In this Book

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What can planners do to restore equity to their craft? Drawing upon the perspectives of a diverse group of planning experts, Advancing Equity Planning Now places the concepts of fairness and equal access squarely in the center of planning research and practice. Editors Norman Krumholz and Kathryn Wertheim Hexter provide essential resources for city leaders and planners, as well as for students and others, interested in shaping the built environment for a more just world.

Advancing Equity Planning Now remind us that equity has always been an integral consideration in the planning profession. The historic roots of that ethical commitment go back more than a century. Yet a trend of growing inequality in America, as well as other recent socio-economic changes that divide the wealthiest from the middle and working classes, challenge the notion that a rising economic tide lifts all boats. When planning becomes mere place-making for elites, urban and regional planners need to return to the fundamentals of their profession. Although they have not always done so, planners are well-positioned to advocate for greater equity in public policies that address the multiple objectives of urban planning including housing, transportation, economic development, and the removal of noxious land uses in neighborhoods.

Thanks to generous funding from Cleveland State University, the ebook editions of this book are available as Open Access volumes from Cornell Open (cornellopen.org) and other repositories.

Table of Contents

  1. Cover
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  1. Title page
  2. pp. i-iii
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  1. Copyright
  2. p. iv
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  1. Dedication
  2. pp. v-vi
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  1. Contents
  2. pp. vii-viii
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  1. Foreword
  2. Ronn Richard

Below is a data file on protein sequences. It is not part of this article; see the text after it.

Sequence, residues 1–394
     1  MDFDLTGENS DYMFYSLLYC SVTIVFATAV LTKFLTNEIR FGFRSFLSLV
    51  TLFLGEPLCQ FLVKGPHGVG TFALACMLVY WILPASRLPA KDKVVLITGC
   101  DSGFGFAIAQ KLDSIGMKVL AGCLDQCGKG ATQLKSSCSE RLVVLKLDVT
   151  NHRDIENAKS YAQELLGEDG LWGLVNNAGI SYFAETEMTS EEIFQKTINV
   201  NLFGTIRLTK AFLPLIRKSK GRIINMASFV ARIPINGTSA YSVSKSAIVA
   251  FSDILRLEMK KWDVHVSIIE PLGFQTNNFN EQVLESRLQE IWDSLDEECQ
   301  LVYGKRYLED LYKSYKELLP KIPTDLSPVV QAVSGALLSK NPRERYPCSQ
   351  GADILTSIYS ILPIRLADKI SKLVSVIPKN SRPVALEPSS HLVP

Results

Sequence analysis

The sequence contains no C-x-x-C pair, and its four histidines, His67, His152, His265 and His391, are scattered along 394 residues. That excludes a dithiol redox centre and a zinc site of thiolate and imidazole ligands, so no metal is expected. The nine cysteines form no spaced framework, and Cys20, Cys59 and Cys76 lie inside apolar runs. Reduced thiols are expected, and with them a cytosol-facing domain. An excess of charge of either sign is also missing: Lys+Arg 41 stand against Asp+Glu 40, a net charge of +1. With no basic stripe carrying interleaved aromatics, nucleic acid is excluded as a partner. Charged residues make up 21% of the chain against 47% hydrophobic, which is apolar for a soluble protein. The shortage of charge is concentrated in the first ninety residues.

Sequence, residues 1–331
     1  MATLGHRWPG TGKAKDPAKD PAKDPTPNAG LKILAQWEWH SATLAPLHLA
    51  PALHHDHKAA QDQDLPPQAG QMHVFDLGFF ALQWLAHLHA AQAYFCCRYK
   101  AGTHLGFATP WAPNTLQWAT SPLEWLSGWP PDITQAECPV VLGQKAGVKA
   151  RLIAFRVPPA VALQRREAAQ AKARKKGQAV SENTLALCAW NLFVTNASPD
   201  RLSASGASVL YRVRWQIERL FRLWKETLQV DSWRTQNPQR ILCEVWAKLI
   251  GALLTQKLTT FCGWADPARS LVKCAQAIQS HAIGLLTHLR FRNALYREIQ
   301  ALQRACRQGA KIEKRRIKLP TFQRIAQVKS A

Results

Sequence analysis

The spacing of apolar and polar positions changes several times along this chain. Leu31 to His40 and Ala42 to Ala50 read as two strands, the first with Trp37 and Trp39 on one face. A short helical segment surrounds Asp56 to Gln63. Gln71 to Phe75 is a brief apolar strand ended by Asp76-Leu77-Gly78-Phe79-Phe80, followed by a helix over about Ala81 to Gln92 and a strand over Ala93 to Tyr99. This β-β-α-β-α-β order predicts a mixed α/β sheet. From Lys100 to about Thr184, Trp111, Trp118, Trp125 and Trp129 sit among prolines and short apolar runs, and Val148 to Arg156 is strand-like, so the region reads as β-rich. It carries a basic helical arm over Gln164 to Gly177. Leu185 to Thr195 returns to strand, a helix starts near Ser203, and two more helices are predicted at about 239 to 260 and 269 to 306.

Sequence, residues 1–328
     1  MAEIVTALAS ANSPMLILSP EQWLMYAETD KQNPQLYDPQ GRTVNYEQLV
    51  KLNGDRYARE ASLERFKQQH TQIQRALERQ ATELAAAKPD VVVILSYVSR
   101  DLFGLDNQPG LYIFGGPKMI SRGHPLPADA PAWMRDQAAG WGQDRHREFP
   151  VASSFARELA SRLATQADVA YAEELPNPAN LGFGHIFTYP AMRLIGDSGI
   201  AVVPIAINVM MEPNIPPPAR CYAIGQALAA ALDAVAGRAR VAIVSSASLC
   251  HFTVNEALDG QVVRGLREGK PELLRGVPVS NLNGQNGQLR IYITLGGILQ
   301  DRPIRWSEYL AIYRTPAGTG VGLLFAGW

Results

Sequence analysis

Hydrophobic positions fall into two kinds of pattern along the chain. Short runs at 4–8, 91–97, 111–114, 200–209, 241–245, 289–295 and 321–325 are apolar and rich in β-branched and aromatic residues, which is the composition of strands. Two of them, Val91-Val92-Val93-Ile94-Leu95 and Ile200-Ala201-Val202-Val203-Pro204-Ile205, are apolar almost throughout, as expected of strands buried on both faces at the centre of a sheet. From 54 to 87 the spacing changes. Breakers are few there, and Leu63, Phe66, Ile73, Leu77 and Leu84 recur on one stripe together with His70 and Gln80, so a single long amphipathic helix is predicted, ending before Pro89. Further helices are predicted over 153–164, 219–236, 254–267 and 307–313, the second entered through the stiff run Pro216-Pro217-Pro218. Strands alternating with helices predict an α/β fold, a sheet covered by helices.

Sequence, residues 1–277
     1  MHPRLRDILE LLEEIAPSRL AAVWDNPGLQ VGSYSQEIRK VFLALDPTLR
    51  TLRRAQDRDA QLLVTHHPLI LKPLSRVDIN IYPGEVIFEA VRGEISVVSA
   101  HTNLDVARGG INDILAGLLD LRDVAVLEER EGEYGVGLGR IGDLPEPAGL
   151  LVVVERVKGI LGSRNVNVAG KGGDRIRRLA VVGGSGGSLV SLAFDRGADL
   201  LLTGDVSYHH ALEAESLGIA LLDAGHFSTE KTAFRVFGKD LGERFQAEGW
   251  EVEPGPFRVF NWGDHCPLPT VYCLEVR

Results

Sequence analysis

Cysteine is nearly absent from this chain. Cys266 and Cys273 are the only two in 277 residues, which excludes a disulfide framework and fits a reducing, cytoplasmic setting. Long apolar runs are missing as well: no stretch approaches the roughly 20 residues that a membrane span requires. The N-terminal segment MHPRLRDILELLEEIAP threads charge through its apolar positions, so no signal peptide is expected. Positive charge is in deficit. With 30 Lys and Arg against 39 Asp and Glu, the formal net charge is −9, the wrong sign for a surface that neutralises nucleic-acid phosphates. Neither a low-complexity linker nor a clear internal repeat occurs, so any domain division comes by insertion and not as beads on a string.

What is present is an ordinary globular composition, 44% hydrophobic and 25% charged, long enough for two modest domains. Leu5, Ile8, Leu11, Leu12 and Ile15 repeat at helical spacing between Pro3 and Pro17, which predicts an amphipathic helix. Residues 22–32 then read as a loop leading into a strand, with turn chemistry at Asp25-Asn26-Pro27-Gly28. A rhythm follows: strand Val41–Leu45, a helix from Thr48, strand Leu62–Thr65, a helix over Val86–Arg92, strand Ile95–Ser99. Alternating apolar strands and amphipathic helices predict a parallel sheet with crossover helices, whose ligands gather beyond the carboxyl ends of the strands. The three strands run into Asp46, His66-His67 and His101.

3. pp. ix-xii
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  1. Acknowledgments
  2. pp. xiii-xvi
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  1. Introduction
  2. Norman Krumholz
  3. pp. 1-18
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  1. Section 1: Local Equity Planning
  2. pp. 19-20
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  1. 1. Growth without Displacement: A Test for Equity Planning in Portland
  2. Lisa K. Bates
  3. pp. 21-43
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  1. 2. The Evolution of the Community Development Industry: A Practitioner’s Perspective
  2. Mark McDermott
  3. pp. 44-59
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  1. 3. Economic Diversity in Low-Status Communities
  2. Majora Carter
  3. pp. 60-80
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  1. Section 2: Regional Equity Planning
  2. pp. 81-82
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  1. 4. Can We Talk?: Conversation, Collaboration, and Conflict for a Just Metro
  2. Chris Benner and Manuel Pastor
  3. pp. 83-100
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  1. 5. Equity Planning in a Fragmented Suburban Setting: The Case of St. Louis
  2. Todd Swanstrom
  3. pp. 101-124
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  1. Section 3: National Equity Planning
  2. pp. 125-126
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  1. 6. On the Way But Not There Yet: Making Accessibility the Core of Equity Planning in Transportation
  2. Joe Grengs
  3. pp. 127-148
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  1. 7. The Opportunity Challenge: Jobs and Economic Development
  2. Robert Giloth
  3. pp. 149-168
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  1. 8. Equity Policy and Practice at the Federal Level: HUD’s Rental Assistance Demonstration
  2. Patrick Costigan
  3. pp. 169-202
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  1. 9. Planning for Aging: Addressing Issues of Equity
  2. Deborah Howe
  3. pp. 203-224
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  1. Section 4: Looking to the Future
  2. pp. 225-226
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  1. 10. The Future of Equity Planning Education in the United States
  2. Kenneth Reardon and John Forester
  3. pp. 227-242
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  1. 11. Public Participation Geographic Information Systems: A Model of Citizen Science to Promote Equitable Public Engagement
  2. Michelle M. Thompson and Brittany N. Arceneaux
  3. pp. 243-262
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  1. Conclusion
  2. Norman Krumholz and Kathryn Wertheim Hexter
  3. pp. 263-282
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  1. Notes on Contributors
  2. pp. 283-288
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  1. Index
  2. pp. 289-297
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Additional Information

ISBN
9781501730382
Related ISBN(s)
9781501730375, 9781501730399
MARC Record
OCLC
1122608603
Pages
318
Launched on MUSE
2019-10-10
Language
English
Open Access
Yes

Copyright

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